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The Prepuce in Italian Art—Evidence from Von Gloeden’s Photographs

DOI: 10.4236/oalib.1102898, PP. 1-8

Subject Areas: Urology, Art, Andrology

Keywords: Prepuce, Foreskin, Penis, Circumcision, Renaissance Art, Classical Art, Baroque Art

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It is well known that the portrayal of the male organ in classical art was subject to strict conventions and was not realistic. To what extent did this tradition carry over to the Italian Renaissance? Jewish Old and New Testament figures were not shown as circumcised, but was this a concession to classical convention or a portrayal of the actual, uncircumcised models? The photographs of Wilhelm von Gloeden, taken between 1890 and 1900, provide an invaluable record of young males in pre-industrial Italian society. Comparing these with paintings from the Italian High Renaissance (1450-1650) we discover a striking, and hitherto unreported, double standard in which juvenile males were depicted realistically whereas adolescents and adults were portrayed in accordance with classical ideals. This has led to misconceptions about the normal appearance of adult male prepuce which persist to the present day.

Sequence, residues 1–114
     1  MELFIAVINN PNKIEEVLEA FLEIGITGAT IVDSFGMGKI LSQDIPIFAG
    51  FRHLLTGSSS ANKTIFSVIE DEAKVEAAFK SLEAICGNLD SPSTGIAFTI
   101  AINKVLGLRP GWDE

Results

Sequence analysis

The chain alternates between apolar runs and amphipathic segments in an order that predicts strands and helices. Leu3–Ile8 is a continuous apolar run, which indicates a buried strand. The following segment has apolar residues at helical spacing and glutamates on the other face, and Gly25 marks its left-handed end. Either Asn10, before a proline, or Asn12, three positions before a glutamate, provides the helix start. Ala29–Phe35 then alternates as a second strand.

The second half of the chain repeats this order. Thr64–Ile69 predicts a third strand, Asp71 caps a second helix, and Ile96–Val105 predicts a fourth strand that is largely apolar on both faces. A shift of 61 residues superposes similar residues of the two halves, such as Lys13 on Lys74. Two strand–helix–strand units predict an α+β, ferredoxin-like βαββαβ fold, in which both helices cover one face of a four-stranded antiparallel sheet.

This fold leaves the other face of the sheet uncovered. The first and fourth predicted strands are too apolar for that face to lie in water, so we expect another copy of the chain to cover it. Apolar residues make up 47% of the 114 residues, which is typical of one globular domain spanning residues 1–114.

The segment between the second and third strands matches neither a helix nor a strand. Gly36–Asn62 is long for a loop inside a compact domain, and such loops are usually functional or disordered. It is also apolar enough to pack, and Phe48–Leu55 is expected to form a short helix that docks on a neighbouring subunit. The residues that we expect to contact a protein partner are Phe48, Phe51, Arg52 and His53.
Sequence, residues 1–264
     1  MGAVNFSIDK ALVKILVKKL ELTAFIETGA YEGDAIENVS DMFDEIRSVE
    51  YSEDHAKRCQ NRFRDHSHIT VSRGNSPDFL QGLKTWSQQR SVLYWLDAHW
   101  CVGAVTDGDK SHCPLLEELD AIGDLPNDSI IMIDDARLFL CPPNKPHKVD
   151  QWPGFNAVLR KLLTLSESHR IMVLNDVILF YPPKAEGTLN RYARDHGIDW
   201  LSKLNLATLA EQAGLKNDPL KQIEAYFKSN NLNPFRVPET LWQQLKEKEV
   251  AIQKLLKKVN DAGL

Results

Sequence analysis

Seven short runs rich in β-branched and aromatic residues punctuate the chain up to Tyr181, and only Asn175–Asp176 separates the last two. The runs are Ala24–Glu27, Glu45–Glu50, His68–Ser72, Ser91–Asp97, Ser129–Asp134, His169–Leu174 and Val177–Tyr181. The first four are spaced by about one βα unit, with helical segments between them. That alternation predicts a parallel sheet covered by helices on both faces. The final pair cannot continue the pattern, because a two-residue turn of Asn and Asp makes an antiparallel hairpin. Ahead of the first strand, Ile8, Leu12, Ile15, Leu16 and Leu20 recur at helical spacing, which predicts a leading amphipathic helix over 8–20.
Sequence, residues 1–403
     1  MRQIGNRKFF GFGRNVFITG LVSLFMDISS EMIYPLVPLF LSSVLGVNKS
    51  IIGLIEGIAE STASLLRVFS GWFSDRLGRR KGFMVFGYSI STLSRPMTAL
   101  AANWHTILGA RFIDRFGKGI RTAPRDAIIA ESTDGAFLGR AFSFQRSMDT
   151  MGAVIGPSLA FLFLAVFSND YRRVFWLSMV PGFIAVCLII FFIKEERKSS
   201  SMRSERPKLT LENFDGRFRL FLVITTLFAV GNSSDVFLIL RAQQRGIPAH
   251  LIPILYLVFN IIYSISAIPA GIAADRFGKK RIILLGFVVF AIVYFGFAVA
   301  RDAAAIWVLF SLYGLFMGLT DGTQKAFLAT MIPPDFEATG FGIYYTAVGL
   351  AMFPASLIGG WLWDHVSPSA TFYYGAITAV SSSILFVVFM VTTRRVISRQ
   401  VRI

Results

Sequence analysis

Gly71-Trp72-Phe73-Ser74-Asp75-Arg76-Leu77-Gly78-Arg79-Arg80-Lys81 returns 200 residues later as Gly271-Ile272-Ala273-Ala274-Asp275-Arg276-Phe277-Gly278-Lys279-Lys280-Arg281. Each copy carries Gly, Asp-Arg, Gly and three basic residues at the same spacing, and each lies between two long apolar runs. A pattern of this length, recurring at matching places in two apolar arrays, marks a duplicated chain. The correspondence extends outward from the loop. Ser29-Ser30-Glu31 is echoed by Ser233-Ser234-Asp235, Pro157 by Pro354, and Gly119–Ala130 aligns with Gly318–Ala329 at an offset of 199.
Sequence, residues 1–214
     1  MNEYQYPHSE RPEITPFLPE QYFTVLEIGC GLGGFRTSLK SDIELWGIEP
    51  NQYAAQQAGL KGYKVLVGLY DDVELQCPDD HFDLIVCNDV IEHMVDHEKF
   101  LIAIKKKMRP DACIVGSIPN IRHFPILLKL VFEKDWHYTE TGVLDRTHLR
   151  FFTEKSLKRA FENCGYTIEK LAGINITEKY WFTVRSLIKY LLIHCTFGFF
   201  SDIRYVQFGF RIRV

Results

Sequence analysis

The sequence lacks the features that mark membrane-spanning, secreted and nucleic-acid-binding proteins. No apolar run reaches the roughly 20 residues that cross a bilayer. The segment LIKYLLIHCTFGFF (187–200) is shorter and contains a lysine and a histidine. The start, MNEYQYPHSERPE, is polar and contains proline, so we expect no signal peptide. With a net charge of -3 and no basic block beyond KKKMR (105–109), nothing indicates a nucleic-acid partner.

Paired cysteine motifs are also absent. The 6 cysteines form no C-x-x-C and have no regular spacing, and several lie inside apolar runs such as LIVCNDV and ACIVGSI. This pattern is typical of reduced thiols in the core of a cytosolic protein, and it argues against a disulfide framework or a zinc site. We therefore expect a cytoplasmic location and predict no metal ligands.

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Cox, G. (2016). The Prepuce in Italian Art—Evidence from Von Gloeden’s Photographs. Open Access Library Journal, 3, e2898. doi:


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